ISLAMABAD: Predicting the weather is tricky business. But in Pakistan the task is so much harder as there are never quite enough funds to buy the latest tools to aid the weathermen.
In recent years, the Pakistan meteorological department hasn’t been able to purchase the kind of equipment it needs to make accurate forecasts about the emerging weather patterns associated with climate change. A severe resource crunch, coupled with government apathy, is faulted for this.
The department is also suffering in other ways: the top post of director general has been vacant for the last nine months. It is currently functioning under the Aviation Division.
A whopping 85% of the meteorological department’s annual budget of Rs900 million is spent on the salaries of its 2,500-strong staff working in 100 stations across the country, a senior department official told The Express Tribune on the condition of anonymity. The remaining 15 per cent is allocated for repair and maintenance, according to the official.
At the end of the year, he said, the meteorological department was left with no money to purchase the latest equipment for improving its weather forecasting mechanism.
Like many countries across the globe, Pakistan is also under the influence of climate change but it lacks new technology to forecast the changing weather patterns and its impact on crops and people, said the official.
The meteorological department has not been able to escape the tyranny of load-shedding. Its shoestring budget does not allow it to even purchase fuel to run generators for its weather radars which normally run on electricity, said the official.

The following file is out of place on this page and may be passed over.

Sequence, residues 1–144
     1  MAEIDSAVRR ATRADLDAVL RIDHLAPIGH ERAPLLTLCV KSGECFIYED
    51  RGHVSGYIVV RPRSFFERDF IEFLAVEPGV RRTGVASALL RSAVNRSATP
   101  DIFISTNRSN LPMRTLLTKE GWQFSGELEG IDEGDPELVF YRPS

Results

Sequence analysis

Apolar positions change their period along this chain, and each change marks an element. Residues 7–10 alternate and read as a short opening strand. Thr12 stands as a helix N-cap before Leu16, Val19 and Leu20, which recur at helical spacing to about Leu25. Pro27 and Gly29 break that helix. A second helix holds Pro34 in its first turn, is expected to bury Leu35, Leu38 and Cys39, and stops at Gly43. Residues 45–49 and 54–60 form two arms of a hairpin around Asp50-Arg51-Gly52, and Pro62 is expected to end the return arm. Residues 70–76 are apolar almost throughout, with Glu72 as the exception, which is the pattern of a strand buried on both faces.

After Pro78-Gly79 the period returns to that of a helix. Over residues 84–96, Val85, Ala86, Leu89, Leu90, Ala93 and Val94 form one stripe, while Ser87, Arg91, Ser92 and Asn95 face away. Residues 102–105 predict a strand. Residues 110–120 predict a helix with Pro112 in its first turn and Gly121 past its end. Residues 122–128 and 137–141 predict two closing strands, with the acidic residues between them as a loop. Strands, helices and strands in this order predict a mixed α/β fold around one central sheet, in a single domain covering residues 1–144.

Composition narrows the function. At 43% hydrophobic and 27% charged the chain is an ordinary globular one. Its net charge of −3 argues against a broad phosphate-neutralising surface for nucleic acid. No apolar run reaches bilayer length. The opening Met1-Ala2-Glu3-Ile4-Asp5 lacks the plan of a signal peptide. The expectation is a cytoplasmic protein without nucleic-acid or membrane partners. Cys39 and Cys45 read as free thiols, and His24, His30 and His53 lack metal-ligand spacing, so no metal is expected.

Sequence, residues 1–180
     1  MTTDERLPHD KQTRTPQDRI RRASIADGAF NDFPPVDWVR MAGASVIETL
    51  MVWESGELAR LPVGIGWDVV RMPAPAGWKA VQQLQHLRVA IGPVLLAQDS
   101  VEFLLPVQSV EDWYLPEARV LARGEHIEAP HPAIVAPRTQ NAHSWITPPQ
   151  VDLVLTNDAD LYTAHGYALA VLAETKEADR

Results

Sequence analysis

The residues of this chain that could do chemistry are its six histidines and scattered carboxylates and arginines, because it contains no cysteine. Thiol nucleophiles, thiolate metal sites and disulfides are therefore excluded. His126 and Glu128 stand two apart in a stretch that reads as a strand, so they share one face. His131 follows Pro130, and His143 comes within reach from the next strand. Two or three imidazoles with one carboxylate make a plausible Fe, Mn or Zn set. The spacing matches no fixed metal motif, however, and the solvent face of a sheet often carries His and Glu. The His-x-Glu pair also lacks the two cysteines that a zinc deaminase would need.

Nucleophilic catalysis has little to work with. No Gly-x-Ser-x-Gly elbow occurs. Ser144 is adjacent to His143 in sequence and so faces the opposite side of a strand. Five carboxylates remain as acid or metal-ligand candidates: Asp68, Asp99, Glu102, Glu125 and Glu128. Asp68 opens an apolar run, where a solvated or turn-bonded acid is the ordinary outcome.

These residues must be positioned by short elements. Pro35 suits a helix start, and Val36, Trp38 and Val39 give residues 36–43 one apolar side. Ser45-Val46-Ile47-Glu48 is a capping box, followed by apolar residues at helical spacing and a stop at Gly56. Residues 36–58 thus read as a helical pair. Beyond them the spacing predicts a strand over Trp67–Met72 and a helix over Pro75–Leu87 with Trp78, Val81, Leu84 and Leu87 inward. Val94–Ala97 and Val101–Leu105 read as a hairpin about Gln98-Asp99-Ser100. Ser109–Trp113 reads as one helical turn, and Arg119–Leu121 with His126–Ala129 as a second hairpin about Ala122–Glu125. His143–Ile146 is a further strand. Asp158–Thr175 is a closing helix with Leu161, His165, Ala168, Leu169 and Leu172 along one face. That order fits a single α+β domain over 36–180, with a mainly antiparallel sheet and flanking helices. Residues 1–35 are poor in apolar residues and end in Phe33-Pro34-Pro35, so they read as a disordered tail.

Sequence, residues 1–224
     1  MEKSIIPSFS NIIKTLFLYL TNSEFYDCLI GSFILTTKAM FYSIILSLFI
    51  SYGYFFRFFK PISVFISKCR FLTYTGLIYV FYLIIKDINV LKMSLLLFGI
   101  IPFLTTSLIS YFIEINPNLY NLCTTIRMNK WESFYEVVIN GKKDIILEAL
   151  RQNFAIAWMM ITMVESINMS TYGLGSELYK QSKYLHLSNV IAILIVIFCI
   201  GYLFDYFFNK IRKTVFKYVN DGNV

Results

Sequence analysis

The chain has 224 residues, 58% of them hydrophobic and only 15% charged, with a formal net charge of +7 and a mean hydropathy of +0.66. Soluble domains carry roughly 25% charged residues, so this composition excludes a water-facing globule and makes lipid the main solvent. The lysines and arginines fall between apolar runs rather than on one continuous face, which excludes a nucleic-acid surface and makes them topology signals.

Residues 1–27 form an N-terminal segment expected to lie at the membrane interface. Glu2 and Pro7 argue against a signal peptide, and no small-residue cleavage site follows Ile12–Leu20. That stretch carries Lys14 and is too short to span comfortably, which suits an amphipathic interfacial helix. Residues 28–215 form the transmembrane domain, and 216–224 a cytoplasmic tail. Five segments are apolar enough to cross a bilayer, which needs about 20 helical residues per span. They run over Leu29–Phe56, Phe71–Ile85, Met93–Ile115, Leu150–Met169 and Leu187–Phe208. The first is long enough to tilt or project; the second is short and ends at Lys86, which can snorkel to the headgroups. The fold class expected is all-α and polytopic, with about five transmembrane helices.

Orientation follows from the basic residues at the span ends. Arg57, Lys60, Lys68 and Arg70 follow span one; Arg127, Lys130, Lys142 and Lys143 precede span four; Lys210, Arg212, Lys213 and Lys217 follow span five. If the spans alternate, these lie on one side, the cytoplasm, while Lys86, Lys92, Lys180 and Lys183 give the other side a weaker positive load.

The official said that the department faces immense problems in communicating with its other stations when there is a power outage. “During extreme weather conditions we share weather updates through phone or via cellphone texting,” he said.
He also highlighted the shortage of weather radars installed in the country saying that there is a dire need to increase the number from 7 to 20 and the number of automatic weather stations from 40 to 150.
Every district should have its dedicated meteorological stations and separate web page to update weather conditions of their own specific region.
“At present, at least 50 metrological stations are required in most of the agriculture plains in provinces like Punjab, Sindh, Balochistan and 25 in AJ&K and Gilgit Baltistan,” he said.
Talking to The Express Tribune, Pervaiz Amir, former member of the prime minister's task force on climate change said: “As compared to other countries, PMD is lagging far behind in terms of technology and experts.”
Hazrat Mir, chief meteorologist at the meteorological department, is upbeat about the future. According to him, Japan International Cooperation Agency (JICA) has extended financial funding worth Rs2.5 billion to install a weather radar system in Islamabad and Rs1.5 billion to install one in Karachi as well. This year, he said, the World Bank is expected to give the department between $30 and $40 million to establish automatic weather stations in Lahore, Gwadar, Sialkot and other cities.
Published in The Express Tribune, May 4th, 2015.
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